The hassles of moving homes across cities are plenty. Packing and moving the household goods, changing addresses on all utilities and financial accounts, transferring gas connections, finding new schools or homes – shifting cities can be a big pain. Add to that the fact that the car(s) you own need to be transferred and re-registered in the new city. This involves getting a no-objection certificate from the Regional Transport Office (RTO) where the vehicle was originally registered, repaying tax in the new place, and getting a new vehicle number. Each State and region maintain their own vehicle numbers and related database. For instance, Delhi numbers start with DL, Haryana with HR, Tamil Nadu with TN, Maharashtra with MH and so on.
As per the prevailing regulatory requirement, the vehicle registration is changed when there is a change in RTO region, as different States have different tax structures for vehicles. The car buyers tend to flock to States that offer lower tax rates. The regulation is primarily meant to discourage people from buying vehicles from those States where the taxes are lower.
The hassle in transferring a vehicle across States prompts many to sell their vehicle in the second-hand market even if they are in reasonably good condition. Some users simply shift along with the vehicle without doing the requisite paperwork and use the vehicle in the destination state, but they risk penalties imposed by the traffic police.
To resolve these issues and make life simpler for car owners, the Road Transport Ministry had written to all the State governments with a suggestion to introduce a common tax regime across States based on the price of cars. Another line of thought in the government is to allow seamless transfer of relatively older vehicles which have completed a few years. This means relatively vehicles of a certain age will not require a re-registration and related paperwork when used in a different State. This would, to some extent, separate the genuine buyers from those looking to “manage addresses” in their hunt for a cheaper vehicle.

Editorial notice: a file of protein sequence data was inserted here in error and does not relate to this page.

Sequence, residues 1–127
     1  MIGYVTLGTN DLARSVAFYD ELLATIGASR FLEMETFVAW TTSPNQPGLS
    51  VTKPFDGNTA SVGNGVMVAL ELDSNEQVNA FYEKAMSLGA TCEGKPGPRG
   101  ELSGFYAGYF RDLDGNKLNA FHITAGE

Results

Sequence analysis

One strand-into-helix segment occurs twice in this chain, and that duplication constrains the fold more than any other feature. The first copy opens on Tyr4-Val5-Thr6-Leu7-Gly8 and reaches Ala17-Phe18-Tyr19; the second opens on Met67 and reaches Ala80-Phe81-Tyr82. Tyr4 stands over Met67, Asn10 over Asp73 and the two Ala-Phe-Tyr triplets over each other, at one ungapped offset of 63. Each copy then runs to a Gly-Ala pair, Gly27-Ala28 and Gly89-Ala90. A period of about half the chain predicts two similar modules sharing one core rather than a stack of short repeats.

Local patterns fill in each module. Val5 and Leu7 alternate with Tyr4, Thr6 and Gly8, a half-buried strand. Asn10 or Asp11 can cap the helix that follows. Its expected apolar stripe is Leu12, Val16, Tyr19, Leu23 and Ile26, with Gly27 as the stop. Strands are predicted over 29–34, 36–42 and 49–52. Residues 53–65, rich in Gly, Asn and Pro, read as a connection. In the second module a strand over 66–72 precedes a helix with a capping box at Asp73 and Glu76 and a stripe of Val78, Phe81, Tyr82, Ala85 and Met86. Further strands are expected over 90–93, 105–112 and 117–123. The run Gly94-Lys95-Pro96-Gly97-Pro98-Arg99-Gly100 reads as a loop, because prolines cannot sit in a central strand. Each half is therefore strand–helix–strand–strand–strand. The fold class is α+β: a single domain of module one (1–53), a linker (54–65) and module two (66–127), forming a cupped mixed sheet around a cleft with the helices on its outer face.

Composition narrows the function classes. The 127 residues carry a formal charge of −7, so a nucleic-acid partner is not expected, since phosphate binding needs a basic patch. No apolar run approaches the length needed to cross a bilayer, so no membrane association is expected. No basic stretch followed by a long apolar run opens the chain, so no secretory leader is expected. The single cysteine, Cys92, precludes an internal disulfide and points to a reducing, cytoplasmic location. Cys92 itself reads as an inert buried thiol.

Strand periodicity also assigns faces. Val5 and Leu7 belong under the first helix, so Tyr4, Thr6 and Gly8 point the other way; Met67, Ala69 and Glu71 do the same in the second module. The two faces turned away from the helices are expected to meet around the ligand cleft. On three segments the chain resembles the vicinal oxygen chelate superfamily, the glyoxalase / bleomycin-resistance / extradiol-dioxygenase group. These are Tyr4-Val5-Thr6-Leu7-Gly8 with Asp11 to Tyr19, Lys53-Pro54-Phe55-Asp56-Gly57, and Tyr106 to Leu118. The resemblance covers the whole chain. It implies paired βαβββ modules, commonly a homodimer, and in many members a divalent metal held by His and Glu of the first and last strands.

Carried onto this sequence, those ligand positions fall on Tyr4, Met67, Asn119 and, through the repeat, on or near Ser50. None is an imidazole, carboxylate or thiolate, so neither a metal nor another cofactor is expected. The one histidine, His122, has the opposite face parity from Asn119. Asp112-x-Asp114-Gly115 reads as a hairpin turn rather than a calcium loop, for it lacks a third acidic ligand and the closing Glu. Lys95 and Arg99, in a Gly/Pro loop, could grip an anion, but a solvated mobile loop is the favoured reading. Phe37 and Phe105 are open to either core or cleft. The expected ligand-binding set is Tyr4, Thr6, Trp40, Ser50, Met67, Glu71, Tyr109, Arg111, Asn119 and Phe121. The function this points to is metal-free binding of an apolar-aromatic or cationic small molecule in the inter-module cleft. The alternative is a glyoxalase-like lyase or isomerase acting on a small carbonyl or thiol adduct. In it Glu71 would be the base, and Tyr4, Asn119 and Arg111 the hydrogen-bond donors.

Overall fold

The system will function much like mobile number portability, where a subscriber, who is switching over to a new service provider is allowed to retain his old number. The new vehicle can have the same old number while the old vehicle that is still operational will be issued another available new number. The new portability system will be applicable to different types of vehicles, i.e. the registration number of a scooter can be ported and used by a car. If implemented, this will enable number portability of vehicles across regions.
The new portability option, however, may not be cheap and is likely to cost a substantial amount. While the final decision has been taken regarding the cost, the fee may be Rs 25,000 for porting the registration number of two-wheelers and Rs 50,000 for cars. In the new rule, there may not be a precondition that makes it mandatory for the user to retain the number for a certain period of time, nor will it be mandatory to scrap the old vehicle that earlier had ported the number.
The new policy, when implemented, is expected to generate a large amount of revenue for State government. The new system will come into effect after modifying certain provisions and shortcomings put forward by the State governments.
The proposal is still in the idea stage and was discussed at the Group of Transport Ministers meeting a few months ago. Hopefully the new government will see it through!